Publication Date


Document Type

Masters Thesis


School for Social Work


Veterans-Mental health-United States, Post-traumatic stress disorder, Interpersonal relations-Psychological aspects, Combat-Psychological aspects, Operation Enduring Freedom, 2001-, Iraq War, 2003-2011, PTSD, Veterans, Relationship distress, Deployment, Combat experience


As Veterans have returned home from the OEF/OIF wars they have faced many struggles with reintegration. Studies of Veterans returning home have found rates of PTSD as high as 18 % (Hoge et al., 2004; Hoge, Terhakopian, Castro, Messer, and Engel, 2007). The symptomatology of PTSD has historically complicated Veterans primary relationships as well other interpersonal relationships and this study seeks to look at the relationship between PTSD and interpersonal distress in a sample of Veterans returning from the OEF/OIF wars. The author conducted secondary analysis of data from a survey taken by a sample of Connecticut Veterans (n = 620) following the OEF/OIF wars. Veterans who screened positive for PTSD (n=58) were compared to Veterans who did not screen positive for PTSD (n =472). The author analyzed levels of relationship distress, combat experience, post-deployment social support, and deployment location. Veterans with PTSD reported higher levels of relationship distress, combat experience, and less social support than Veterans without PTSD (p< .001). Higher PTSD symptomatology was significant (p< .001) with deployment to Iraq compared to all other deployment locations in the survey. Study findings indicate a need for creating greater practical and emotional support for Veterans returning with PTSD through clinical collaboration with the Veteran, caregivers, family members, close friends, and the larger community.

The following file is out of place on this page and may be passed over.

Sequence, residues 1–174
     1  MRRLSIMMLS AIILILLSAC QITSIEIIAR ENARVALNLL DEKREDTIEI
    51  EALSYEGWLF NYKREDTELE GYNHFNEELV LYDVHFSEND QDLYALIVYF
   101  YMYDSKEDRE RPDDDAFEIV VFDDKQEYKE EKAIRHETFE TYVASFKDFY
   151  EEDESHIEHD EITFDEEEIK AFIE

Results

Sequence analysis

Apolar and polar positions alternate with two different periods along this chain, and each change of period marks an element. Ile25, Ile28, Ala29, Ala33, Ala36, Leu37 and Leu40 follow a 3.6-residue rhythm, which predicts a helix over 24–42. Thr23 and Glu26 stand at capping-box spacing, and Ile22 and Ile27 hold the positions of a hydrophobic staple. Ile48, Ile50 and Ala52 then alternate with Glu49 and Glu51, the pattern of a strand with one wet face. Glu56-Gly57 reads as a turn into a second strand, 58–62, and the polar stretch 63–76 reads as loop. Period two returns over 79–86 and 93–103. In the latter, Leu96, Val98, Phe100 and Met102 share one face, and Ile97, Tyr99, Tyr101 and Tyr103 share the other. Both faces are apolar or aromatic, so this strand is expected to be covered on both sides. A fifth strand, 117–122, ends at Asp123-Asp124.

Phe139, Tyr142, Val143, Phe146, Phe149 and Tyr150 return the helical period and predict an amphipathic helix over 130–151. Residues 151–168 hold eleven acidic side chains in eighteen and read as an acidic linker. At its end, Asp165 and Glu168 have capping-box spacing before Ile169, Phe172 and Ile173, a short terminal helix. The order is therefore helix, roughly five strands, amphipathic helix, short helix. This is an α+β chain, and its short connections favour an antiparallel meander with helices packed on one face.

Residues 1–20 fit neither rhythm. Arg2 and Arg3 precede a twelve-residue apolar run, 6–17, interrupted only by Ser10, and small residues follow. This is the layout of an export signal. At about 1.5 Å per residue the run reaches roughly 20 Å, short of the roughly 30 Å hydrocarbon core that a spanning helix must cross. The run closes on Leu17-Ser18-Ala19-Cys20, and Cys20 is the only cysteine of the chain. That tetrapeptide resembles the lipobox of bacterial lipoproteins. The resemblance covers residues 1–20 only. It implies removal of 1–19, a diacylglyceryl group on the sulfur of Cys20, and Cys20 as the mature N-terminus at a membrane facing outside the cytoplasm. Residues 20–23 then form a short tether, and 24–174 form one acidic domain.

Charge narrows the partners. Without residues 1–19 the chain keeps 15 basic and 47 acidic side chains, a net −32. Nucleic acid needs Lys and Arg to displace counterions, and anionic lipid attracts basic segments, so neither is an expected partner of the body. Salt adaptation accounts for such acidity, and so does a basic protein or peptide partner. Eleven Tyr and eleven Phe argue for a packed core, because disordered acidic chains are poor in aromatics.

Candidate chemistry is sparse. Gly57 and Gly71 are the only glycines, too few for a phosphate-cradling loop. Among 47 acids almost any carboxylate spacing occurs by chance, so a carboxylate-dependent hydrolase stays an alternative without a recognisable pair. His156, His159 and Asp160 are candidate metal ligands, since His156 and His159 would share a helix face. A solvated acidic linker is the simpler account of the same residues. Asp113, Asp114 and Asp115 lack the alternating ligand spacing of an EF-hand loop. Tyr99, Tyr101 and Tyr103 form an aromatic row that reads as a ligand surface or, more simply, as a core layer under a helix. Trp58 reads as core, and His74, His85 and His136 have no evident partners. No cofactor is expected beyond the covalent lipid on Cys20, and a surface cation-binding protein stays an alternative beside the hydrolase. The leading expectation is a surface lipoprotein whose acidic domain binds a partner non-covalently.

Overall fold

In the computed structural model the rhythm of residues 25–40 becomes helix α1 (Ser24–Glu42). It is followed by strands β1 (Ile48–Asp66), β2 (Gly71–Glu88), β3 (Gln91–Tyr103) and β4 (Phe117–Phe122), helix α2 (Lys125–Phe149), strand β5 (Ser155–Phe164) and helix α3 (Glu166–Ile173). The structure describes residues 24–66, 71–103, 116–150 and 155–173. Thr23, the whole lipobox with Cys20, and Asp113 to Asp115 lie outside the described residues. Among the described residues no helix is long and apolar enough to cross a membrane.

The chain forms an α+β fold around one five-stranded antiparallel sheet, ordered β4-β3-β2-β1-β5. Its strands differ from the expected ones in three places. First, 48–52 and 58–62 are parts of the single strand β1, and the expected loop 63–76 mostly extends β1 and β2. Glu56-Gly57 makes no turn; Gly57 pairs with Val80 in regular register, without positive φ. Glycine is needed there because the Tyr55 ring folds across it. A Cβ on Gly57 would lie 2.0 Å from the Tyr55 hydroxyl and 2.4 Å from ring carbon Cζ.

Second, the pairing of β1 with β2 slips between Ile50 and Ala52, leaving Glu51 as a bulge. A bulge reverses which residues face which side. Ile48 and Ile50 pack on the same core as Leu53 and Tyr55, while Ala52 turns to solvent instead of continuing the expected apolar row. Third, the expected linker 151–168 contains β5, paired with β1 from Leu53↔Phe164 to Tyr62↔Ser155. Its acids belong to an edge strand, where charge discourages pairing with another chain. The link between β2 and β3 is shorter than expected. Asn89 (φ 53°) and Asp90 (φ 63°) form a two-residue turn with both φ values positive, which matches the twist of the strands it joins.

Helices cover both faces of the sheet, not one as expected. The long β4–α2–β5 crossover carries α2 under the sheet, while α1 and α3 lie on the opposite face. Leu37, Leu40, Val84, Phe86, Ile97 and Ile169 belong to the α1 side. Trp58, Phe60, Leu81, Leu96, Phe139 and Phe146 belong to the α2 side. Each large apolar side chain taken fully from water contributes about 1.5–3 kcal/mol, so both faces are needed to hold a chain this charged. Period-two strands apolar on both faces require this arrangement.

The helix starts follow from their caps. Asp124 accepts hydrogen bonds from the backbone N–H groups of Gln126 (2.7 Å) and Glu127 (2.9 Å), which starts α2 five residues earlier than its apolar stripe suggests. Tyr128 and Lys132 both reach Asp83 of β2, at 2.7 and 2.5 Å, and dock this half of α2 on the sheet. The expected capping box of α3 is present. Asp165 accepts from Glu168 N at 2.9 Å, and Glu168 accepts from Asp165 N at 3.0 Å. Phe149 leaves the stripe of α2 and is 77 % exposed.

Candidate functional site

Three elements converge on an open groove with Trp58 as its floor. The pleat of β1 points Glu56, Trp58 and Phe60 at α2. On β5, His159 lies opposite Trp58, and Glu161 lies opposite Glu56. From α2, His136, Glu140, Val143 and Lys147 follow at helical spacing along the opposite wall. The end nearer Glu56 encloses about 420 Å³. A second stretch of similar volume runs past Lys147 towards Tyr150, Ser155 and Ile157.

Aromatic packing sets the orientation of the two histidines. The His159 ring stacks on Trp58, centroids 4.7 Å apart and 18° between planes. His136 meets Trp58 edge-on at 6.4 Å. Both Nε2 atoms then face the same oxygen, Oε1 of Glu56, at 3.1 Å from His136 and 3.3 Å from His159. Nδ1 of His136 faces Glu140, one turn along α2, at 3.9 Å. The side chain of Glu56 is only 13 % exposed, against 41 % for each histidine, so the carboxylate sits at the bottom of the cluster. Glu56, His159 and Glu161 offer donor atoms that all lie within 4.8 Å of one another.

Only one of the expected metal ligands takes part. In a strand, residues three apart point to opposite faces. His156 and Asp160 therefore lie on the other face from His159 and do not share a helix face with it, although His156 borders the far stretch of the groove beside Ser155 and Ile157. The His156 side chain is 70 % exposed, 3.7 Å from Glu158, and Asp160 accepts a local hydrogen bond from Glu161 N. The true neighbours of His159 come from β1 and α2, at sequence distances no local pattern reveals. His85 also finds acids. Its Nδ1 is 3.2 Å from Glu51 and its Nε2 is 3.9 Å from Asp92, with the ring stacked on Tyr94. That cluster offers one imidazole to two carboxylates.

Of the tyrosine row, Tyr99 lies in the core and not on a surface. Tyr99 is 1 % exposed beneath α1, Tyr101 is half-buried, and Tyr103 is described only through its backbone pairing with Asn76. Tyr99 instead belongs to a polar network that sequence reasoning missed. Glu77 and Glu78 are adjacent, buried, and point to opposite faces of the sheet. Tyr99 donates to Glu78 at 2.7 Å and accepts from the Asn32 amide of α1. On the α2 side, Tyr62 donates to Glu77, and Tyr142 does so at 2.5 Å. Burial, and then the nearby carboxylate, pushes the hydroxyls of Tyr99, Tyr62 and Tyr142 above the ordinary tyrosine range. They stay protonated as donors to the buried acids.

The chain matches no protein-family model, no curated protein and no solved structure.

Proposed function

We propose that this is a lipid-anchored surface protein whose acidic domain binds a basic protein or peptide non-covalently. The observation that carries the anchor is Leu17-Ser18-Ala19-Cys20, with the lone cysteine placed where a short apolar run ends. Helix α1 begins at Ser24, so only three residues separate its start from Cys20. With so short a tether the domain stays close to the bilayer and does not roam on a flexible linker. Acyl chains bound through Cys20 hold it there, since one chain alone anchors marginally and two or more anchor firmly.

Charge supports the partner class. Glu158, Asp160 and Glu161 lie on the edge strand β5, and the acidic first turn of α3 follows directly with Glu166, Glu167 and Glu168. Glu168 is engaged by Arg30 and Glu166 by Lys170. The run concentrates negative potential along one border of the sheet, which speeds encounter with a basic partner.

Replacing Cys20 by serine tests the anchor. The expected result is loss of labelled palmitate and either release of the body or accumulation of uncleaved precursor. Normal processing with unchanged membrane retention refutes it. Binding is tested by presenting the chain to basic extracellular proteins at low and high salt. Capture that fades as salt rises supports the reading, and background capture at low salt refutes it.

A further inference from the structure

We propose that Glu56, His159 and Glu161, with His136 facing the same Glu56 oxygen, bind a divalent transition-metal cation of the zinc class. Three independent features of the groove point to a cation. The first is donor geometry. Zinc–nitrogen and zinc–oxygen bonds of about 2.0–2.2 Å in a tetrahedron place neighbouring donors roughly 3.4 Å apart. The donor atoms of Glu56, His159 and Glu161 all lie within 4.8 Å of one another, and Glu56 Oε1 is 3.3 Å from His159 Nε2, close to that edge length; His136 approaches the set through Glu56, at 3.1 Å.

iv, 40 p. Thesis (M.S.W.)--Smith College School for Social Work, Northampton, Mass., 2012. Includes bibliographical references (p. 33-38)

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